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Python implementation of the most popular slovenian transformation methods (SiTra!)

Project description

A Python package for a two-way 2D transformation between old and new slovenian coordinates system.


PySitra is a python written library two-way (currently 2D only!) transformation between old and new slovenian coordinates system. The project and it’s name (Python Slovenian Transformation) is inspired by the popular Slovenian web portal for online point transformation between old (D48GK) and new (D96TM) coordinate systems, called, and it’s C-written command-line-friendly successor Geo Coordinate Converter. Library comes with a handy command-line utility tool that enables an easy batch conversion of shapefiles and coma-separated ascii files.

Current version supports two most commonly used transformating methods for 2D point transformations:

  • triangle: affine 6-parametric 2D triangle transformation, based on 899 Slovenian reference points (best accuracy)
  • 24regions: a simplified 4-parametric 2D transformation, where parameteres are precalculated for 24 Slovenian regions (more info)

Program contains spatailly precalculated regional transformation parameters, but also allows a manual specification of transformation parameters for both available methods.

IMPORTANT NOTICE: Library is primarily intended and therefore mostly suitable for slovenian coordinate systems D48GK (espg: 3912) and D96TM (epsg: 3794)!

For more theoretical background, see the official GURS webpage.


Installing on Linux:

Library is available on PyPi repository, so it can easily be installed with pip:

pip install pysitra

Mind that prerequisites for such a simplicity of course include having Python (2 or 3) and pip installed on your system. Library depends on some powerful, but sometimes hard-to-install Python libraries (numpy,scipy,pandas,geopandas), that themselves need some (standard) geospatial system dependencies (GEOS, GDAL), all installable by sudo apt-get .... For more on installing those on Linux, see this page.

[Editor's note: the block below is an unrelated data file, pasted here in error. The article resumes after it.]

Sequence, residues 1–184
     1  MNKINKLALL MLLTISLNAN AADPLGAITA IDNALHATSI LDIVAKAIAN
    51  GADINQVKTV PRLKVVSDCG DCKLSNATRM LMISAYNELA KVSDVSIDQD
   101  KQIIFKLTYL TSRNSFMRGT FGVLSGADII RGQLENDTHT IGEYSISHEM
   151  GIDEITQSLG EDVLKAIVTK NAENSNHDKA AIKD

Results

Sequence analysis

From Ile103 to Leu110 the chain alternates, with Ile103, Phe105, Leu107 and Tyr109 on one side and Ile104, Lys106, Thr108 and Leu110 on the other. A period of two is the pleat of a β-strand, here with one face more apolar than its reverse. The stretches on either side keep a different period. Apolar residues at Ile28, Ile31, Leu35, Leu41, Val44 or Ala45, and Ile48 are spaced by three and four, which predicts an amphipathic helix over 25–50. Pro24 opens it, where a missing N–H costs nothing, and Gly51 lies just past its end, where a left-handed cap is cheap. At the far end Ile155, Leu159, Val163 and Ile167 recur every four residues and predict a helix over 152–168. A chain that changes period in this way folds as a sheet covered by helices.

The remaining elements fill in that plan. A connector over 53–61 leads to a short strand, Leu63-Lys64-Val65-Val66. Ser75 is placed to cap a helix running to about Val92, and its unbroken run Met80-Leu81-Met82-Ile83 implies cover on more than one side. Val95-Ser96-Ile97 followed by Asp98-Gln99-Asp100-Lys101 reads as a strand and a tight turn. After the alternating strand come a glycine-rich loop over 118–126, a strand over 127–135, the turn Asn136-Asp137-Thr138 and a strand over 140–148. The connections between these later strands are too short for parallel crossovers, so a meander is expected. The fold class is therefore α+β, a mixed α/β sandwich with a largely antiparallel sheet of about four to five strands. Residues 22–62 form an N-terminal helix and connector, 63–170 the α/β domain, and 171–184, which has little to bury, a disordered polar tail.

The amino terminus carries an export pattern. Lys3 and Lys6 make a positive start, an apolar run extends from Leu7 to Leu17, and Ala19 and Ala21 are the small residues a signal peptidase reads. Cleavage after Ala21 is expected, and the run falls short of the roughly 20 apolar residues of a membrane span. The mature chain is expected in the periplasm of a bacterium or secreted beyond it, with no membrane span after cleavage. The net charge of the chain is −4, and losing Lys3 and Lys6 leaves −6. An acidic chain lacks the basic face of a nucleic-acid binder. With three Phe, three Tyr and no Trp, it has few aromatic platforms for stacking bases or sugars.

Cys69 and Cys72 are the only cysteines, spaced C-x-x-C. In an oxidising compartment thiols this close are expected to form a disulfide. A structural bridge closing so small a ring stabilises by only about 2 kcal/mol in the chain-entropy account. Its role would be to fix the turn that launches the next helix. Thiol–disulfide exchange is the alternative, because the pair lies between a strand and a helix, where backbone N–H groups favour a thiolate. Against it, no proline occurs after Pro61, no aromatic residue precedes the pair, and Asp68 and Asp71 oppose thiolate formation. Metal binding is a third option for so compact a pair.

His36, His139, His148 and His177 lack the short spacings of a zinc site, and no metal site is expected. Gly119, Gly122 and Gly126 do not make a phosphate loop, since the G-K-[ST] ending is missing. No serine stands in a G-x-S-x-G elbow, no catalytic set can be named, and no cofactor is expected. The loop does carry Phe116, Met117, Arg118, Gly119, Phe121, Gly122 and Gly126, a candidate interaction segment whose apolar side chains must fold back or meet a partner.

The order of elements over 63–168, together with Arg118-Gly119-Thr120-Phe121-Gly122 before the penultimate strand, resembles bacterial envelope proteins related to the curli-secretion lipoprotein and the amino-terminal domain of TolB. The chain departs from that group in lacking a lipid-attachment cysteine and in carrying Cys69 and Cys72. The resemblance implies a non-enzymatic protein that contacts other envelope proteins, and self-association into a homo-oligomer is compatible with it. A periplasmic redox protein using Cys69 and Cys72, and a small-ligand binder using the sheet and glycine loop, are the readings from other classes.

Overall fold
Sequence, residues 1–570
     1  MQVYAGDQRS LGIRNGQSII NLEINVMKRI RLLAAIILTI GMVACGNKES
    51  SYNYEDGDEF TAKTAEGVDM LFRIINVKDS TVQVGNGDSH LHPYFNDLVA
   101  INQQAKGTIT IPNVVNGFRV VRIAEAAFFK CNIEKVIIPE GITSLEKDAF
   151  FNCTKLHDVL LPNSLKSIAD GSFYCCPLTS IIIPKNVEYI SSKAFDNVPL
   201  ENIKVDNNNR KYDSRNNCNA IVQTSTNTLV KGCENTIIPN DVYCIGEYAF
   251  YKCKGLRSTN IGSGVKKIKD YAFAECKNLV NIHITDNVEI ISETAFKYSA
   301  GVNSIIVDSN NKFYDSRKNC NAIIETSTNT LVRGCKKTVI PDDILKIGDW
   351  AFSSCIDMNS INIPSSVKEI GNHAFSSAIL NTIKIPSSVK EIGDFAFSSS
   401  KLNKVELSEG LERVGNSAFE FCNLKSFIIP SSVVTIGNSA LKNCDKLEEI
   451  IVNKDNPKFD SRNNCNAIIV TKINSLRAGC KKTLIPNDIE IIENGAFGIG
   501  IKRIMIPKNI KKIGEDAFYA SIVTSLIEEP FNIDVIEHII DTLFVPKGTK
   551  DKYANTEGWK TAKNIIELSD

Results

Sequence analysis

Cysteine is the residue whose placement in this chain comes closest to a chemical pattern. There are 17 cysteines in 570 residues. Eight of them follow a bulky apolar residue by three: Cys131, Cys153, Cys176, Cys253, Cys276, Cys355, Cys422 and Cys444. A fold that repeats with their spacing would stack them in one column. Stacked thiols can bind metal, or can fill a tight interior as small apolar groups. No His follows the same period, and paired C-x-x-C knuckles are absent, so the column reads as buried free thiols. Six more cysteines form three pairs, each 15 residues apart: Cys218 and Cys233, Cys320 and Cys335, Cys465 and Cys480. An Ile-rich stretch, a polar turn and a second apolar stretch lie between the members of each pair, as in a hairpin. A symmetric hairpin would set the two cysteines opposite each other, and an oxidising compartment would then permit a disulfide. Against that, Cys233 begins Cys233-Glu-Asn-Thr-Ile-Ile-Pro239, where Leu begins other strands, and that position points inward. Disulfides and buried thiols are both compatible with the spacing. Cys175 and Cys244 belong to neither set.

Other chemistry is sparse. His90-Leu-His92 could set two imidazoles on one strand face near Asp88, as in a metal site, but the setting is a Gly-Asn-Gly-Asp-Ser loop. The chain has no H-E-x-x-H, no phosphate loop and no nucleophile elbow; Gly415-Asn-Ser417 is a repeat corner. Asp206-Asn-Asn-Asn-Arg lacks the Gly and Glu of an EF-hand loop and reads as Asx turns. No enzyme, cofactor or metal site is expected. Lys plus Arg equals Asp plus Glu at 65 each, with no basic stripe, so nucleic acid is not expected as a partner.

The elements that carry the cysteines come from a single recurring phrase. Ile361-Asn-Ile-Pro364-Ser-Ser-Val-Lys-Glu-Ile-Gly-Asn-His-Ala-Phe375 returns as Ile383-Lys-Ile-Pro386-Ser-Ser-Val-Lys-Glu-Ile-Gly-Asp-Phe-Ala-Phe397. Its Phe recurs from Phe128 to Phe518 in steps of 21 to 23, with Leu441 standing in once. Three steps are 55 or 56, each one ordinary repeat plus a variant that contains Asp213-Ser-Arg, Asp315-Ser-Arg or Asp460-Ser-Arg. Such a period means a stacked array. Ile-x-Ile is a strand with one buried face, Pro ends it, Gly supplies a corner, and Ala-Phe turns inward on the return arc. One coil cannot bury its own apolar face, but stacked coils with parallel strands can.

Installing on Windows:

Installing pysitra on Windows is straightforward, but it takes a bit more steps:

  • First, if you don’t even have a Python installed, the easiest way to setup the proper Python environment and its dependencies is by installing Anaconda. This is a Python distibution that ships with most of the popular libraries out of the box.
  • Despite Anaconda’s awesomeness, libraries that require non-python GEOS and GDAL are best separetely installed by downloading the .whl file that matches your Python and Windows (32 or 64 bit) version from this repo. Download appropriate wheels for GDAL, Fiona and Shapely and install them with pip install *.whl.
  • Compliling non-pure Python dependencies on Windows also requires C++ compilers, so in case of installation errors, make sure you have Visual C++ Build Tools package installed. If you are using Python2.7, double check also for Visual C++ 2008 Service Pack 1 and Visual C++ Compiler for Python 2.7.
  • Then you can install pysitra with pip as in the above, Linux example.


1. Python API

1.1. Transforming python lists of points:

from pysitra import SloTransformation

# List of point that you want converted into d96 via several methods
D48_POINTS = [(500000,100000),(0,0),(650000,200000)]

# Initialize a Triangle Transformation object